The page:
Presenters forced to work via Personal Service Companies

Presenters forced to work via Personal Service Companies

The IR35 case involving BBC newsreader Joanna Gosling concluded at the High Court on Friday.

Alongside fellow presenters David Eades and Tim Willcox, Ms Gosling was appealing a combined IR35 liability of more than £300,000, ContractorCalculator reports.

HM Revenue & Customs claim that the presenters were essentially employees and are therefore caught by the IR35 legislation.

In response, the presenters claim that they were forced by the BBC to operate via their own Personal Service Companies.

Giving evidence, Gosling, 47, broke down in court as she accused the BBC of operating a “two-tier system”. She describes how some BBC stars were given a multitude of benefits. This whilst others were left with no job security at all. Gosling further revealed that the corporation tried to make her work on the day her baby was due and attempted to cut her pay when she returned.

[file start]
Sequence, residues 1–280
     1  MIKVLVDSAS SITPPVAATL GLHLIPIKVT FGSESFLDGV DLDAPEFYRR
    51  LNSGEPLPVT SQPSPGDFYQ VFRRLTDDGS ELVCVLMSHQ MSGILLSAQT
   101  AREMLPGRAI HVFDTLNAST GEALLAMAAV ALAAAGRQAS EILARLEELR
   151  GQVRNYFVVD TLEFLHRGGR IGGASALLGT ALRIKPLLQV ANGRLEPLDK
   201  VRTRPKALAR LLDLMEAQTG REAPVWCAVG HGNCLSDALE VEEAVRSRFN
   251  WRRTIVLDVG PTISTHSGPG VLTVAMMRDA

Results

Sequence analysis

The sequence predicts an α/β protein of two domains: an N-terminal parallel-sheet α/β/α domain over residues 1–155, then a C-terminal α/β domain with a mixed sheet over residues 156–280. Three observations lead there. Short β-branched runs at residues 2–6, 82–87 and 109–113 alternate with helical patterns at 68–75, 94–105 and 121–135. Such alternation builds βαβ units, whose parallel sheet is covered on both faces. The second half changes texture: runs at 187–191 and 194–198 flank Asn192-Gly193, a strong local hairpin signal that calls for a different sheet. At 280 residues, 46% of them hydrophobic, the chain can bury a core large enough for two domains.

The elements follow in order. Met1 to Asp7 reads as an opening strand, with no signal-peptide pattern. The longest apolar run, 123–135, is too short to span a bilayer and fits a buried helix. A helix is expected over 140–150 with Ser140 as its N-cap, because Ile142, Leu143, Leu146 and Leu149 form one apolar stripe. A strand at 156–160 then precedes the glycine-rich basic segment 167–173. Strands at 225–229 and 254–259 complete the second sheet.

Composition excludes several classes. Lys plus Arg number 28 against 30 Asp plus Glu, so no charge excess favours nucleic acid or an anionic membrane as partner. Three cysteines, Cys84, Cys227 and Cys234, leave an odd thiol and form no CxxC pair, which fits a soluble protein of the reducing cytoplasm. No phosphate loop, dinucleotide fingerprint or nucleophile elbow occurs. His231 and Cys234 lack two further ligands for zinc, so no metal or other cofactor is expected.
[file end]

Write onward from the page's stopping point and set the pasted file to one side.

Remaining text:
The existence of control?

This working relationship is nothing more than “an elegant form of a zero hours contract” claimed Jonathon Peacock QC, in representation of the presenters.

Peacock argued that the presenters couldn’t be instructed on how to present in their broadcasts. A key indicator that control was not present. This notion was strongly rejected by HMRC. They counter-argued that while no preemptive control existed, control was still applied outside of live broadcasting hours.

Judge Harriet Morgan has now retired to consider the case. A verdict is expected soon.

Latest twist in the scandal

This is the latest twist in the IR35 scandal currently encircling the BBC. In February, HMRC won its first IR35 case in almost a decade after Christa Ackroyd was found caught by IR35. The former BBC Look North presenter lost her appeal against HMRC, leaving her with a tax bill totaling £419,151.

And as reported by Larsen Howie previously, 100’s of BBC presenters still face the prospect of substantial tax bills. This comes in the wake of the Ackroyd case, as HMRC steps up its efforts into perceived tax avoidance by individuals using Personal Service Companies.

Back in April, BBC Deputy Director General Anne Bulford told the Public Accounts Committee that hardship payments have already been made to some presenters. She also failed to rule out the possibility that the BBC would pay some taxes back, giving hope to those affected. Whether or not this actually happens, only time will tell.

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